ClientEarth says it will have “no choice” but to take the government back to the Supreme Court unless “drastic and fundamental changes” are made to proposed air quality plans for the UK.
The environmental NGO yesterday (November 16) reiterated its threat of further court action in response to Defra’s draft plans to meet the EU’s legal nitrogen dioxide limits, on which a consultation closed earlier this month (November 6).
ClientEarth said that in “failing to come up with a proper plan to clean up air pollution” Defra was in breach of the Supreme Court’s order in April 2015, and it would therefore likely seek to take the government back to court once again.
Responding, a spokeswoman for Defra said today (November 17): “Tackling air pollution is a priority for this government, which is why we have invested heavily in green transport, committing £2 billion since 2011. We are reviewing submissions to our recent consultation and will report back in December.”
The culmination of the previous legal battle saw the Supreme Court order Defra to produce a new national air quality plan for submission to the European Commission by the end of 2015 that showed how the UK would reach compliance with NO2 limits “in the shortest possible time” (see AirQualityNews.com story).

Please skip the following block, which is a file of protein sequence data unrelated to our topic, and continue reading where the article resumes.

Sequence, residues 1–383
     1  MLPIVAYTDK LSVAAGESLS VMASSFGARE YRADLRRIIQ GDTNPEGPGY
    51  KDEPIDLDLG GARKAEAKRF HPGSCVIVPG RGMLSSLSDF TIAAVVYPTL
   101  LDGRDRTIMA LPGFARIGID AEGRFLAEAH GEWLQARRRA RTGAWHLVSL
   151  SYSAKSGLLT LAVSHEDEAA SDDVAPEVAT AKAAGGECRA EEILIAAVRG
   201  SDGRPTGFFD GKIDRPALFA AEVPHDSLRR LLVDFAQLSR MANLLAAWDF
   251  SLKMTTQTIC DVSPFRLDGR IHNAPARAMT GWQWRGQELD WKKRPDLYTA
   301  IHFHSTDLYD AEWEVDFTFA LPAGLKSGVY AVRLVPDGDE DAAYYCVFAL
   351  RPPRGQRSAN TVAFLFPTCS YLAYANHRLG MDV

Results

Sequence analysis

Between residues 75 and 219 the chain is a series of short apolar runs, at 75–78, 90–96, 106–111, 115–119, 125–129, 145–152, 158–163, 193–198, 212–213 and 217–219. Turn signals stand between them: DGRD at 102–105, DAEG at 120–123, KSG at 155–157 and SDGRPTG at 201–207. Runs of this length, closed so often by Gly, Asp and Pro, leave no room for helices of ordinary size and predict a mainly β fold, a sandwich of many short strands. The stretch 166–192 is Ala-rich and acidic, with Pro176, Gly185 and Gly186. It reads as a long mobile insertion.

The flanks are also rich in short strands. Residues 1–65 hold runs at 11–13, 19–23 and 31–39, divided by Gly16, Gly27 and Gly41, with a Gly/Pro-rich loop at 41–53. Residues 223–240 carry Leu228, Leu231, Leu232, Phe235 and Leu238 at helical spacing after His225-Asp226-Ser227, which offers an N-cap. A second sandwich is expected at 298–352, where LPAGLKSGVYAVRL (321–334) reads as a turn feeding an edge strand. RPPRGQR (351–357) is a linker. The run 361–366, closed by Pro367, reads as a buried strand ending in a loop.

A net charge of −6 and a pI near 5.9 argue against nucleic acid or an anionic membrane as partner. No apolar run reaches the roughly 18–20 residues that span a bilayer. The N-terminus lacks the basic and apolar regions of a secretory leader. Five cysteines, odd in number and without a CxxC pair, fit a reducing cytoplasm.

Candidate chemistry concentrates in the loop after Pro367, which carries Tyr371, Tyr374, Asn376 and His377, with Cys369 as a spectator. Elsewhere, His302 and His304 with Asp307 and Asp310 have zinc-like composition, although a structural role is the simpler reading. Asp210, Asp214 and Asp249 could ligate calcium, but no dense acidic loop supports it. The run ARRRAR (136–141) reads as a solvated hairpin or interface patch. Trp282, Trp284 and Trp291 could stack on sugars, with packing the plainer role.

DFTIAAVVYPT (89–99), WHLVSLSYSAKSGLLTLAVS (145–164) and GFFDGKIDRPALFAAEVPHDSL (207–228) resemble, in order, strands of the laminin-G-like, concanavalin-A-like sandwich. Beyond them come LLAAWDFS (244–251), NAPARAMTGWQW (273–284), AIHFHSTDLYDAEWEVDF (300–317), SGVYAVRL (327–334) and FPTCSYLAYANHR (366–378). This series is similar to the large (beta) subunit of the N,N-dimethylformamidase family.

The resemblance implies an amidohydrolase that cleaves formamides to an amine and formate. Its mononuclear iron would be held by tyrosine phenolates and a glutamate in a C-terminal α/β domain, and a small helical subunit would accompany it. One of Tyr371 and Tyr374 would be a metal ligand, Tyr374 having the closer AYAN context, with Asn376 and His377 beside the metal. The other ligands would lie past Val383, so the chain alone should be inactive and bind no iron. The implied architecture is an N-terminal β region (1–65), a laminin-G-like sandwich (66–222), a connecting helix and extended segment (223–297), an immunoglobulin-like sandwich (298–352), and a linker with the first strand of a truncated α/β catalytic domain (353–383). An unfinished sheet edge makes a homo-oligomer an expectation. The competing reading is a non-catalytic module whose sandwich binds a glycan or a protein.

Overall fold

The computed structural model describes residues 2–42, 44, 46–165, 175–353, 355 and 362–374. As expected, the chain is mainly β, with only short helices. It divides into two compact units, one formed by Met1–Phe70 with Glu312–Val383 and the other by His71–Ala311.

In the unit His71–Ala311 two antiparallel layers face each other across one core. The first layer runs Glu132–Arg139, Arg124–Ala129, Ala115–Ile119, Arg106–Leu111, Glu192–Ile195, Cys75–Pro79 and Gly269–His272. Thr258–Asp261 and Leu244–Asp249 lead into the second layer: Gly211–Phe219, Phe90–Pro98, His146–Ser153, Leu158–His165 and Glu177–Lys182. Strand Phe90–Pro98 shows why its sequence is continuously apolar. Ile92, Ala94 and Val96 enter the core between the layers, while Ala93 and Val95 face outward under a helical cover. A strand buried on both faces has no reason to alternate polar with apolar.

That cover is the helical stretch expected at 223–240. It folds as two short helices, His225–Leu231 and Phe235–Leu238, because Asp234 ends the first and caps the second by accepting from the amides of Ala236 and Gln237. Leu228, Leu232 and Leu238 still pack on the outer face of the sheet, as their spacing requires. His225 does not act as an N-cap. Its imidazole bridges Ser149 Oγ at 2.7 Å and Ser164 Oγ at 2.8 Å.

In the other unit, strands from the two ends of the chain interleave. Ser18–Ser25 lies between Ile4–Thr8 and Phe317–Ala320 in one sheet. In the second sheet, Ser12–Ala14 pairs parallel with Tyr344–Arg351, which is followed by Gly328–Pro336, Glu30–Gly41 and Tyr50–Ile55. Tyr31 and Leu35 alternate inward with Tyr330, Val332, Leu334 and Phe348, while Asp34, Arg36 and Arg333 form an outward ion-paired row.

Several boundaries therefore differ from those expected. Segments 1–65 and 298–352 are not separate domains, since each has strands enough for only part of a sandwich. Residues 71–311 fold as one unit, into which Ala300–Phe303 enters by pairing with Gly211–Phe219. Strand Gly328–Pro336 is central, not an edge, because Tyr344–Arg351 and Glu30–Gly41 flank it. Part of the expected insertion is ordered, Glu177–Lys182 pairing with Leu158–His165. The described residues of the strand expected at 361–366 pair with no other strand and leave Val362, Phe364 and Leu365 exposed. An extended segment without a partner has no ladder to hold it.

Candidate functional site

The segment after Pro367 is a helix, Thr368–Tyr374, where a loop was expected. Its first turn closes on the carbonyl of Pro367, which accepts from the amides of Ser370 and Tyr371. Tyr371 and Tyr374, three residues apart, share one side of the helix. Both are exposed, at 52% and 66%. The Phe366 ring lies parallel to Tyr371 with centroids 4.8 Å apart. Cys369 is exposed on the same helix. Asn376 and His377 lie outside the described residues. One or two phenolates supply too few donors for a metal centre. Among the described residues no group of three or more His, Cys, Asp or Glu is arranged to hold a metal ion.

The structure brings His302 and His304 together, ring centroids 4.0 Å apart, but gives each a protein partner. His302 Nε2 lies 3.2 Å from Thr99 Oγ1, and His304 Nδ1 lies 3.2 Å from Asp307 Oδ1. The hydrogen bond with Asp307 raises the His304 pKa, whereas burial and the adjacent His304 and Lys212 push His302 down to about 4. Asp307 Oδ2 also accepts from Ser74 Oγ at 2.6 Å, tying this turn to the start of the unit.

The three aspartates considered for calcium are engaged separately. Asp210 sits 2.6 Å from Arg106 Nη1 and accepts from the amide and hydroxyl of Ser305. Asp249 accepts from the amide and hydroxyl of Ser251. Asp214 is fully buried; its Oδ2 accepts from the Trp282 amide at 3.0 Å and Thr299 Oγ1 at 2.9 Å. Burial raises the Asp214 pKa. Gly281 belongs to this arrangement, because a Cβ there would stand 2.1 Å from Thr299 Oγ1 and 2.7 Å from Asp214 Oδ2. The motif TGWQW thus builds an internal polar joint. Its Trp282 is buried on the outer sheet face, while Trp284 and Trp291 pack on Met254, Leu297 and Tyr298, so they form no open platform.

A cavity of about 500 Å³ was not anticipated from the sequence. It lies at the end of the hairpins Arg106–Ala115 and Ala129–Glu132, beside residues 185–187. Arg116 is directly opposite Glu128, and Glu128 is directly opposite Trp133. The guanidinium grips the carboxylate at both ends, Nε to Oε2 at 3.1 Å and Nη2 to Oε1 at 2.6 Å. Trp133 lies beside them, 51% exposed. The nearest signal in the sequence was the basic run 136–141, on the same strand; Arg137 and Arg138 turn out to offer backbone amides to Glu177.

Clean air lawyer at ClientEarth, Alan Andrews, said: “The government’s response is a shambles. They were ordered to produce a final plan by the end of the year and they haven’t. What they have produced is a series of half measures and vague ideas which constitute no plan at all.”
Clean Air Zones
One of the key measures set out in the draft proposals are for a national network of local Clean Air Zones, which would see drivers of higher polluting vehicles being banned or forced to pay a charge to enter areas with high pollution.
However, echoing the strong criticism it made after the launch of the draft air quality plan consultation in September (see AirQualityNews.com story), ClientEarth described Defra’s proposals as “a shambles”.
Furthermore, ClientEarth said that the government had also “failed to react” to the Volkswagen emissions fixing scandal which erupted in September by appointing the Vehicles Certification Agency to investigate – an agency “that gets funding from the motor industry”.
Mr Andrews said: “This is sadly typical of the government’s response to this public health crisis. Tens of thousands of people are dying early because of air pollution in this country and countless more are being made seriously ill.
“Without drastic and fundamental changes to these plans, we will have no choice but to take the government back to court.”